In 1978, a family of Russian ‘Old Believers’ living in a supposedly uninhabited part of the Siberian taiga were discovered by a team of geologists. They had fled Stalinist persecution, and for half a century had lived in isolation in a ‘low, soot-blackened log kennel’ with a floor made of potato peelings and crushed nutshells, one tiny window, a fire, a single rushlight, and one item of furniture — an axe-hewn table. Five adults lived without sanitation in a space seven steps long and five steps wide.
The geologists were horrified. What they failed to notice, Judith Flanders points out in her thought-provoking examination of the evolution of ‘home’, is that
what they were seeing were not conditions of unimaginable harshness, but the ordinary living conditions of their own history. And ours. A world where every aspect of life was lived in sight of others, where privacy was not only not desired, but almost unknown.
Both Flanders and Alison Light make intelligent and largely successful attempts at mental time travel, taking their readers with them. Flanders’s The Making of Home intends, she says, to ‘make invisible patterns visible’. She considers how political, economic, religious and social changes shaped our requirements of ‘home’, and, more interestingly, how technologies — advances in heating, lighting, furniture-making — changed our behavioural, even our moral priorities.
She encourages us to rethink the ‘evidence’ we have about past lives. Paintings and novels, for instance, are selective, and use domestic details for symbolic or aesthetic effect; they are not reliable witnesses. Where in those calm, tile-floored 17th- century interior paintings can we see a ‘spitting-sheet’ — fabric attached to the wall behind a spittoon to protect valuable wall-hangings or pictures from splashback? It’s rare enough to see the spittoon itself. Yet both items were commonplace.
While Flanders grapples with how our ancestors lived through scrutinising the things they used and the way they used them, Light uses the history of her own family to investigate subsistence-level living over the last couple of centuries. Her family, ‘common people’, left very little behind them in terms of letters, photographs and other biographical documents. Graves are unmarked, family anecdotes unauthenticated — and sometimes false. Wisely, Light refrains from spinning skeins of whimsy about individuals; the reader is not provided with colourful characters to cut out and keep. Instead, she makes a virtue out of a necessity and uses her scant handful of facts as magic beans from which grow strong, interweaving structures which we can climb to reach her family’s past, which becomes a shared, national story.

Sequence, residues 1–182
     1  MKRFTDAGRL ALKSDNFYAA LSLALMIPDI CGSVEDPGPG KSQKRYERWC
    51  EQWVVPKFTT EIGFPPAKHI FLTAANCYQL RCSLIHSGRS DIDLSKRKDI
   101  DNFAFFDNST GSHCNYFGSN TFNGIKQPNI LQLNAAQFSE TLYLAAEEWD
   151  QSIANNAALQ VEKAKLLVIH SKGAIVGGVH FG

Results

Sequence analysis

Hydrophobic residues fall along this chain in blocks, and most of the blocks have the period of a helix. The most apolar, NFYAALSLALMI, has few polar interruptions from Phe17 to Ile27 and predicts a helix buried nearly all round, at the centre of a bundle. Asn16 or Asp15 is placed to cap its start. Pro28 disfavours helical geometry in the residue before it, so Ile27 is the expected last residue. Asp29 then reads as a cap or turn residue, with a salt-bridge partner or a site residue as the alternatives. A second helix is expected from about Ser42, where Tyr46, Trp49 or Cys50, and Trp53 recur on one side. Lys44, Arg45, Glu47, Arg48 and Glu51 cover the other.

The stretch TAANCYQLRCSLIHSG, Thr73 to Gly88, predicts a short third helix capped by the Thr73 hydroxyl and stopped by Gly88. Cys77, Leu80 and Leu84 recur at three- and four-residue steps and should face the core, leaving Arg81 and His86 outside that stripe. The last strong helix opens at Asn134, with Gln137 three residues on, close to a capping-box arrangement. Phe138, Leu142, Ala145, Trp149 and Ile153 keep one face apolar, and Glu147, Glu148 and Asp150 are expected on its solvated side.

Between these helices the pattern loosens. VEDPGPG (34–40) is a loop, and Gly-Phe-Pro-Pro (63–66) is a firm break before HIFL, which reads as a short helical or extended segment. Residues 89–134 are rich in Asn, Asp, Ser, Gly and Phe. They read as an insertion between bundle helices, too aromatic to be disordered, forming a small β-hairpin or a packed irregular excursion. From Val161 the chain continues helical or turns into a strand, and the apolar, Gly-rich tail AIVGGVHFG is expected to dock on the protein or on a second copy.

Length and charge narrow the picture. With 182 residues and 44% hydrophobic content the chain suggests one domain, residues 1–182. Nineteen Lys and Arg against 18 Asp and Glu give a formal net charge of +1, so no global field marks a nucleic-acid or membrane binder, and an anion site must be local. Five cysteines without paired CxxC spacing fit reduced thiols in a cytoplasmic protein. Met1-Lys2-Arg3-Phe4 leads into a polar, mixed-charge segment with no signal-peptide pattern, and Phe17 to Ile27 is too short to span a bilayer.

Common People is admirably organised into four sections, one for each grandparent. Light’s father’s mother came from a family of needle-makers. Light, moving into Flanders’s territory, thinks about needles, from prehistoric tools made of antler or bone to the fine steel that transformed the clothing industry in Tudor times. ‘Without needles, civilisation was impossible,’ says Light; it was her forebears, the Dowdeswells, making needles in their Midlands cottages, breathing in ‘a perpetual cloud of stone and steel dust’, their eyes at risk from the ‘sparks and shards of metal which flew off into their faces’. Flanders emphasises how for centuries dwelling places were also workplaces, with no differentiation between one function and the other; Light’s needle-makers illustrate the point.
Light’s paternal grandfather was ‘a wanderer’ — indeed, mobility (physical, not social) characterises many of the lives she investigates. Bert Light had cut loose from his suffocating ‘Salvationist’ family. A search for their origins leads us across Salisbury Plain ‘sometime in the 1800s’. These early Lights, rather valiantly, put their Dissenting consciences above their material interests, and were eventually rewarded with relative prosperity and respectability in the Portsmouth building trade.
A branch of Light’s mother’s family, the seafaring Heffrens, also lived in
Portsmouth, specifically Portsea Island, still the most densely populated part of the country outside London. It was here that Light herself grew up, and she does an excellent job of conjuring up the fascinating squalor of the docks, the beer shops and brothels and the adventure of the sea. No wonder Henry Crawford, the smiling villain of Mansfield Park, is drawn to the dockyard ‘again and again’.
The finest passage in Common People concerns Sarah Hill, Light’s mother’s grandmother, who spent her childhood in Cheltenham workhouse and died in Netherne county asylum. The cause of her early death was ‘exhaustion after 16 days of mania’. Sarah was, says Light, ‘the lowest of the low … shunted over 300 miles across Britain in a series of displacements’. She became a servant, then a mother, but, as Light uninsistently suggests, her rootlessness, her lack of belonging, caused an instability that never left her and eventually killed her. Those Old Believers in their Siberian hovel seem almost enviable by comparison. They had an identity and a home. It was their kitchen garden that alerted the geologists to their existence.
Both writers handle a mass of disparate material with discriminating skill, showing how history is made up of minutiae. Flanders’s canvas is too large; her swoops from the general to the particular are sometimes vertiginous. Light is occasionally school-mistressy, inclined to guess what our assumptions are so that she can then correct them. But she is right when she tells us that ‘family history humanises’. Both books are deeply absorbing. I’ll return to The Making of Home often, to look things up; but it’s Common People that I’ll want to read twice.